The dawn of an era of structural change

by RonOpher on February 2, 2010

Are we emerging from a cyclical recession or a structural one? And why should it matter?

There has been some discussion recently in the business press about whether we are emerging from a cyclical recession or a structural one. A cyclical recession implies that the recession was inevitable and that the upswing of the cycle will return to former levels, simply by conducting business as usual, with very minor changes in scale, but no change in approach.

I submit that we have experienced a structural recession – particularly as it relates to the consumer debt collection industry (who originally commissioned this article). Part of the reason for this belief is that the confluence of faulty premises under which incredible amounts of money were loaned against real estate collateral with risk shifted away from the borrower and the broker will simply not occur again for decades, if ever – and certainly not in the volume at which it once occurred.

The other part of the reason is more of a positive – many people simply interact differently today than they did just a few years ago. Social media is not a fad – it is a new paradigm for how people interact with each other. And its use is growing exponentially – “virally” as it is often termed. If you have not seen the statistics presented in a compelling visual, you might want to visit

Why is this important?

I am here to suggest that if debtors interact with other humans differently now than they used to, after setting aside lien payoffs and garnishments (which I would term as “involuntary collections”) – the vast majority of funds collected is derived from interactions with debtors where collectors seek their cooperation in making payment arrangements. And the vast majority of those interactions take place on the telephone.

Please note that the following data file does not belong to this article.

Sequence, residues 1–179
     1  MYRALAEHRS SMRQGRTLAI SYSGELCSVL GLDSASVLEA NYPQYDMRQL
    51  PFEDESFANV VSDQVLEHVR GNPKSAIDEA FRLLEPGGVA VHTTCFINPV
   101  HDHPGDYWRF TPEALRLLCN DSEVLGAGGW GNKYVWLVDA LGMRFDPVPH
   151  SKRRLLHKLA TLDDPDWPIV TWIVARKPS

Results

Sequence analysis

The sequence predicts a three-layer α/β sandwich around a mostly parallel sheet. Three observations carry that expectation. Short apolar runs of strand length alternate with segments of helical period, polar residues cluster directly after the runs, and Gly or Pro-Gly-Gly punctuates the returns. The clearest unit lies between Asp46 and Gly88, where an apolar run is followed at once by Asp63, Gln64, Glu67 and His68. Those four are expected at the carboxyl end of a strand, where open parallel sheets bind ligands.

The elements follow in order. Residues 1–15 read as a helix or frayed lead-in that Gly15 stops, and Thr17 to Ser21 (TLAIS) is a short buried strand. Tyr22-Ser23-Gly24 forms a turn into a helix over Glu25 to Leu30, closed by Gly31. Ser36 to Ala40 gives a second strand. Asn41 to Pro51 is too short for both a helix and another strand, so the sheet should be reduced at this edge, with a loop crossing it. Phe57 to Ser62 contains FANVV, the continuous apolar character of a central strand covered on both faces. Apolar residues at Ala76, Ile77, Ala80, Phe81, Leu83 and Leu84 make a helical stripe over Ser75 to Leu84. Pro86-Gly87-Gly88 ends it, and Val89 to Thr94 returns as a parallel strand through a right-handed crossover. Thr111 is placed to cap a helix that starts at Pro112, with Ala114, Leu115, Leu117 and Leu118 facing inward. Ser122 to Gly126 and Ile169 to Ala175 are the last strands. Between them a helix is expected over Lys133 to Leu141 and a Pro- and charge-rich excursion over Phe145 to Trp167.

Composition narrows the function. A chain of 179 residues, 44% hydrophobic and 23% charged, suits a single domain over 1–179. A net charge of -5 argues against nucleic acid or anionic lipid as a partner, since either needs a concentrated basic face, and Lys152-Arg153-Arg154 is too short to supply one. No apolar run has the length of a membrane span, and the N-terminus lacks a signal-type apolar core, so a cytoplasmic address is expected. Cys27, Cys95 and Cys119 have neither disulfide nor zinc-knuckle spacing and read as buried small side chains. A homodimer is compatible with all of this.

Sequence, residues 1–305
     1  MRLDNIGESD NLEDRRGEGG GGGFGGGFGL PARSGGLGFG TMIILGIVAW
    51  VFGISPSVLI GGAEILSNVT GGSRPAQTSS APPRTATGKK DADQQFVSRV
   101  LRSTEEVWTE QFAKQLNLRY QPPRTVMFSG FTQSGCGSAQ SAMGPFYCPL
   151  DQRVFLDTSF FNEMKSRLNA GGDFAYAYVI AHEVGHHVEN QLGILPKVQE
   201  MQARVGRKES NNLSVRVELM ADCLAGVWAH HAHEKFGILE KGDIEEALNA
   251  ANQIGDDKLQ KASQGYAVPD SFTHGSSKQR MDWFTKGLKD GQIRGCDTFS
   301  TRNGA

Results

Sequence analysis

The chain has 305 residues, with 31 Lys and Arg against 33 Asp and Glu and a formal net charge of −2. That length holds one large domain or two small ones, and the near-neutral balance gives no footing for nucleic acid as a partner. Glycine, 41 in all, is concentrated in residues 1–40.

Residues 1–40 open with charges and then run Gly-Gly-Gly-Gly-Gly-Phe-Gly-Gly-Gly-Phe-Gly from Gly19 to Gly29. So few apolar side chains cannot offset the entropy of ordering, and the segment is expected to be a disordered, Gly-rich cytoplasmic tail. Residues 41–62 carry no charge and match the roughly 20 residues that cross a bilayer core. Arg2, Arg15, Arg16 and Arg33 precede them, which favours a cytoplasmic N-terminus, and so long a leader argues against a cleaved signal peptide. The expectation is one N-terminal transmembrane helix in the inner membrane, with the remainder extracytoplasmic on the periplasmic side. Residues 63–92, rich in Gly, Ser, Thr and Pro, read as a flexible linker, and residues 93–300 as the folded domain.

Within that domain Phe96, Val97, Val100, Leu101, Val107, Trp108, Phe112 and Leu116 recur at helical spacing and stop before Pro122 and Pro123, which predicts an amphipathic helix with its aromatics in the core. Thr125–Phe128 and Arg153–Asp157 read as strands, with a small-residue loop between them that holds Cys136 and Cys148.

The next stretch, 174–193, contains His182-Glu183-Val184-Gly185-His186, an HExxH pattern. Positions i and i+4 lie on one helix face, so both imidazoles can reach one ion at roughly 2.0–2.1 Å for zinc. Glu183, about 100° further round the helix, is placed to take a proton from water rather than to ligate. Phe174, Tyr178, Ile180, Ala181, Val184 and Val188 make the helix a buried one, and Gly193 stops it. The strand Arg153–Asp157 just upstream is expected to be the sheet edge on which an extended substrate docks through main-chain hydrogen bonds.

What if we could change the dynamic of that interaction, while being fully compliant with the laws which govern the interaction? What if we acknowledged the debtors’ individual circumstances in each interaction, and had a genuine conversation about their financial obligation to our respective clients – without initially bringing leverage to bear? Is it possible that for every situation where some money is left on the table, there is a multiple of situations where debtors who otherwise wouldn’t have paid voluntarily are doing so – which in turn would both increase revenue, and decrease the overhead of ongoing involuntary pursuit?

I am embarking, along with some of my colleagues in the telephone customer service world, on a pilot project to test some of these theories. I’d like to hear back from anyone who’d like to discuss this further – I also intend to follow up with more specifics in a future article.

I also take note that I am writing this article on Groundhog Day, from Pennsylvania.  With all apologies to Bill Murray – I hope that what we learn from the changing landscape of doing business allows us to wake up each morning and not have to repeat the prior day’s mistakes until we get it right!

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